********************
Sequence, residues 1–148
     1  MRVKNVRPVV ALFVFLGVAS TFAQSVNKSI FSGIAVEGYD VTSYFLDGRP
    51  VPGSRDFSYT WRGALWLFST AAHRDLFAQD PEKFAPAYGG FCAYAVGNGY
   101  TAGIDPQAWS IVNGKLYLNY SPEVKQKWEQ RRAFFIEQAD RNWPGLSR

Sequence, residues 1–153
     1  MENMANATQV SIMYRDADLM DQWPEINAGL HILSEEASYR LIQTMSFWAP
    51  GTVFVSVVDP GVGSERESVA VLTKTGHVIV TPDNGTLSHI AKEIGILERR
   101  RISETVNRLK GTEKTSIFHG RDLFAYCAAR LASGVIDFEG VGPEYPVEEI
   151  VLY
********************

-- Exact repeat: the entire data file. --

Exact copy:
Sequence, residues 1–148
     1  MRVKNVRPVV ALFVFLGVAS TFAQSVNKSI FSGIAVEGYD VTSYFLDGRP
    51  VPGSRDFSYT WRGALWLFST AAHRDLFAQD PEKFAPAYGG FCAYAVGNGY
   101  TAGIDPQAWS IVNGKLYLNY SPEVKQKWEQ RRAFFIEQAD RNWPGLSR

Sequence, residues 1–153
     1  MENMANATQV SIMYRDADLM DQWPEINAGL HILSEEASYR LIQTMSFWAP
    51  GTVFVSVVDP GVGSERESVA VLTKTGHVIV TPDNGTLSHI AKEIGILERR
   101  RISETVNRLK GTEKTSIFHG RDLFAYCAAR LASGVIDFEG VGPEYPVEEI
   151  VLY